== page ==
Roberts said that when the First Amendment is at stake, disclosure regulations must be narrowly tailored to the government’s asserted interest.

“We have no trouble concluding here that the Attorney General’s disclosure requirement is overbroad,” he wrote, joined by conservative Justices Clarence Thomas, Samuel A. Alito Jr., Neil M. Gorsuch, Brett M. Kavanaugh and Amy Coney Barrett.

Even though the information filed to the California attorney general is supposed to remain under wraps, the chief justice noted breaches where it was disclosed.

He said the organizations challenging the requirement had said its members were exposed to “bomb threats, protests, stalking, and physical violence. Such risks are heightened in the 21st century and seem to grow with each passing year, as ‘anyone with access to a computer [can] compile a wealth of information about’ anyone else, including such sensitive details as a person’s home address or the school attended by his children.” He was quoting a concurrence in a past case.

Perhaps to deflect the notion that his ruling would protect conservative interests, Roberts noted that the court received concerned briefs from organizations that “span the ideological spectrum, and indeed the full range of human endeavors: from the American Civil Liberties Union to the Proposition 8 Legal Defense Fund; from the Council on American-Islamic Relations to the Zionist Organization of America; from Feeding America — Eastern Wisconsin to PBS Reno.”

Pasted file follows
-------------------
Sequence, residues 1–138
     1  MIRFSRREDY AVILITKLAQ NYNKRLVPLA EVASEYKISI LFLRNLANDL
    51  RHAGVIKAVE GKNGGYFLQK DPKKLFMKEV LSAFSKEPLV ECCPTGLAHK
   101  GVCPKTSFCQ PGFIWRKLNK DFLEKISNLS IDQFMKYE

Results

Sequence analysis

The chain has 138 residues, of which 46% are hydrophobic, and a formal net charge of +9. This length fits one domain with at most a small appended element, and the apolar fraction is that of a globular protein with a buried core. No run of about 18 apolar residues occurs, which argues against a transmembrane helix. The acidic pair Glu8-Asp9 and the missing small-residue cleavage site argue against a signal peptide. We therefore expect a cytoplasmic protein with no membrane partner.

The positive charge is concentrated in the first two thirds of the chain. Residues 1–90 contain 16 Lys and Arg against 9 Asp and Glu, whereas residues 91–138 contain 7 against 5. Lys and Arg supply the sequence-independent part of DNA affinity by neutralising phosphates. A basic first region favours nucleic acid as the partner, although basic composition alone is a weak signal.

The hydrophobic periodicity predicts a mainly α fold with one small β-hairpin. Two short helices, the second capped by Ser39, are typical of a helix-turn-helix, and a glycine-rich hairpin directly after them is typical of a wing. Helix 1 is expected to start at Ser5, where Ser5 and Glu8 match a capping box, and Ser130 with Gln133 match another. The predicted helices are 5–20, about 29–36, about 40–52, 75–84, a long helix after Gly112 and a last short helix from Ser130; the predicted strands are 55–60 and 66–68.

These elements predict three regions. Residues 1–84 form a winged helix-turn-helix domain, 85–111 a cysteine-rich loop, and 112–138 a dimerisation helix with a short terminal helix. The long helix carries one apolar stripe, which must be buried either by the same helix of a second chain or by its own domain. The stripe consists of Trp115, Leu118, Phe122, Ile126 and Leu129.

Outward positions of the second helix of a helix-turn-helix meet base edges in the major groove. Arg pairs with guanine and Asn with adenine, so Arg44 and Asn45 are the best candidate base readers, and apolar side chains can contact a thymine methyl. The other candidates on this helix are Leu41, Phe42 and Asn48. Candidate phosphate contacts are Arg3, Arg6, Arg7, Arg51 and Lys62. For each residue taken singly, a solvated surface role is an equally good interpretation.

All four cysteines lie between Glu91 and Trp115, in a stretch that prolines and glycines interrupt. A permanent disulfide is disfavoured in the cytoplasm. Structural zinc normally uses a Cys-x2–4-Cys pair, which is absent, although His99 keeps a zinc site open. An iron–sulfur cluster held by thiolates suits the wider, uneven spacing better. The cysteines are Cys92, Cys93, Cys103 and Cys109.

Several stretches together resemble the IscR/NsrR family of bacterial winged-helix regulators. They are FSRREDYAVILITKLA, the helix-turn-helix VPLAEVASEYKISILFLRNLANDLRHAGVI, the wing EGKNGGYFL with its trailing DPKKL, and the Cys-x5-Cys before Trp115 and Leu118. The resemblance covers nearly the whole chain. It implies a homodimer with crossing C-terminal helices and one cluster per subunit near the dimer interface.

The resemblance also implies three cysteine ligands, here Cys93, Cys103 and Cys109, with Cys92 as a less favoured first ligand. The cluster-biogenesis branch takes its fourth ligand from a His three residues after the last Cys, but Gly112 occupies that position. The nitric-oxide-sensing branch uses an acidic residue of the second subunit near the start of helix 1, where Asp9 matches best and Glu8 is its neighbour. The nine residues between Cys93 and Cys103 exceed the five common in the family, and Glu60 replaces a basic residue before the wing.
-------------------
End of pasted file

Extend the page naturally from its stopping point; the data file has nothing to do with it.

The Biden administration took a middle-of-the-road approach to the question. It said the requirement shouldn’t be found unconstitutional in all applications, but the groups should have another opportunity to prove the rights of their donors had been violated.

Sotomayor said the majority’s ruling went much further.

“The same scrutiny the Court applied when NAACP members in the Jim Crow South did not want to disclose their membership for fear of reprisals and violence now applies equally in the case of donors only too happy to publicize their names across the websites and walls of the organizations they support,” she wrote.

She said the court “trades precision for blunt force, creating a significant risk that it will topple disclosure regimes that should be constitutional.”

The Americans for Prosperity Foundation is the charitable arm of Americans for Prosperity, the political organization formed by billionaire conservative Charles Koch and his brother David Koch, who died in 2019.

Some Democratic members of Congress had called on Barrett to recuse herself from the case because Americans for Prosperity supported Barrett’s confirmation with a million-dollar campaign.

Sen. Sheldon Whitehouse (D-R.I.), one of those Democrats, denounced the ruling. “We are now on a clear path to enshrining a constitutional right to anonymous spending in our democracy, and securing an upper hand for dark-money influence in perpetuity,” he said.

California’s Attorney General Rob Bonta (D) said, “Stripping our office of confidential access to donor information — the same information about major donors that charities already provide to the federal government — will make it harder for the state to fight fraud and prevent the misuse of charitable contributions.”

The cases are Americans for Prosperity v. Bonta and Thomas More Law Center v. Bonta.